Beth is directing the play. As she is on stage most of the time, I am also attending most rehearsal so I can add new dialogue or cut cuttable bits, sometimes reword lines to make them more natural.

Me being there saves time too. The actors don’t have to puzzle over what the writer meant. They can simply ask. Repairs can be done to the script on the spot, and more often than not the actors will improvise in a way that fits perfectly and is added into the script. The play belongs to all of us. For me, who spends lots of time alone writing things in my office, this is a really happy feeling.

I’m pumped that we cast Kitty and Dylan. Both are professional, highly creative, and a delight to know. Oh yes, and funny too. Rather important in a comedy.

Below Kitty and Dylan: Nooooo!

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A Glass of Nothing Performance Theatre

A Glass of Nothing: rehearsals start

Rehearsals for ‘A Glass of Nothing’, my dark comedy, fittingly began in a dark and blurry basement. Left to right below are a blurry Kitty Underhill and a blurry Beth Symons, while Dylan Corbett-Bader stands absorbing the script before he swaggers on. Tickets are now available directly from Other Place Brighton.

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A Glass of Nothing Comedy Theatre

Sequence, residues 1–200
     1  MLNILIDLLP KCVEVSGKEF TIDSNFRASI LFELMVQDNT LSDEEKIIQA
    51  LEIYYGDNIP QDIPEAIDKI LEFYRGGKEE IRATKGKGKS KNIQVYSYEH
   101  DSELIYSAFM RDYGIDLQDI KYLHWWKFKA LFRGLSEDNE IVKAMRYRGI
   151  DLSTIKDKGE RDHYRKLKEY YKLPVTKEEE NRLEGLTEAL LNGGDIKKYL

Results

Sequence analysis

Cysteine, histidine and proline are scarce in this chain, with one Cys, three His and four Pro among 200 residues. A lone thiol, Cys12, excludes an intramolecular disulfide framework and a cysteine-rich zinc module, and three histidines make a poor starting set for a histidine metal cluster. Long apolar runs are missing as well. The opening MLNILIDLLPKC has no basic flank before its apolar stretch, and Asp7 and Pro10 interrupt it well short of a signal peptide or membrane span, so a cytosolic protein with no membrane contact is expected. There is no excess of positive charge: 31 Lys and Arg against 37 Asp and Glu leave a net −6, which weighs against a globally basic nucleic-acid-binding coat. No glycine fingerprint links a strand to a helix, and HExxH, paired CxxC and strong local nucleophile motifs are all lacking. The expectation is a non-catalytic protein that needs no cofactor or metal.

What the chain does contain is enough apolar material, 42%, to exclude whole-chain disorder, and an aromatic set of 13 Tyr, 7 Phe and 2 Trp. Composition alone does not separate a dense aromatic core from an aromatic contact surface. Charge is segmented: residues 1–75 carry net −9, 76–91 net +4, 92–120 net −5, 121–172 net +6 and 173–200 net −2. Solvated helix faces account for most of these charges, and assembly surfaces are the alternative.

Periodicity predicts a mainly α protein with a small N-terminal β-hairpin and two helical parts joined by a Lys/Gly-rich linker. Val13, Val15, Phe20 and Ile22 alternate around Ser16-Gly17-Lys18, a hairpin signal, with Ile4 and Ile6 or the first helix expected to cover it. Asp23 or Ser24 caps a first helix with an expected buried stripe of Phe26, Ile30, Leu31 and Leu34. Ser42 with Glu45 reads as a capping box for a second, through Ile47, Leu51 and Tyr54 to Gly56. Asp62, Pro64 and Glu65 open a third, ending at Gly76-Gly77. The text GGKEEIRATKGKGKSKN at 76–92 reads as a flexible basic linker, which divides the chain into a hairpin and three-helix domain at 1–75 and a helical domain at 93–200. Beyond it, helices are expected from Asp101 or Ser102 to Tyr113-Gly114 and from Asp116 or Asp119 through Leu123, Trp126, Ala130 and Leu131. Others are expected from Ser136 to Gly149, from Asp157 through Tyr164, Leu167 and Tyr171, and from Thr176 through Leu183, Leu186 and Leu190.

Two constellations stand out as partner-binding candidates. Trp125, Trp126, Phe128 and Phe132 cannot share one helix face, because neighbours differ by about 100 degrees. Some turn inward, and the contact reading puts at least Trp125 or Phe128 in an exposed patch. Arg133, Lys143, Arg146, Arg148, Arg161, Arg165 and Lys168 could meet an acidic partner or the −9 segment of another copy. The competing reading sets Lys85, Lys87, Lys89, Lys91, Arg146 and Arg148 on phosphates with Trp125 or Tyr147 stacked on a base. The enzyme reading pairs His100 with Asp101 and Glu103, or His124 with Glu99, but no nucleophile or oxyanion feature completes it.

Tickets on sale for A Glass of Nothing

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So I finally finished writing my play ‘A Glass of Nothing’. Quite handy really, as the first actor’s read through was on Saturday afternoon. Unlike Douglas Adams, I hate the whooshing sound deadlines make as they go by. In fact even thinking about missing a deadline makes my toes curl in horror so I was mightily relieved to get there with 24 hours to spare.

Beth, pictured above with our listing in the magazine, will be starring-in and directing the play. We toddled off to the official Fringe launch on Tuesday. Great fun it was too, with free drinks (two words that go wonderfully together). This helped everyone enjoy a long speech thanking people by the fringe director, the charming Julian Caddy. The likeable lady mayor, Lynda Hyde, gave a speech too about the economic benefits of the Fringe, adding a couple of knob gags for good measure. The fringe contributes millions of pounds to Brighton’s economy apparently. There was some entertainment too: a magician, someone offering a comedy tour through a museum of thermos flasks, and female versions of male drag Queens, (logically enough called Kings), which was interesting and (of course) very Brighton.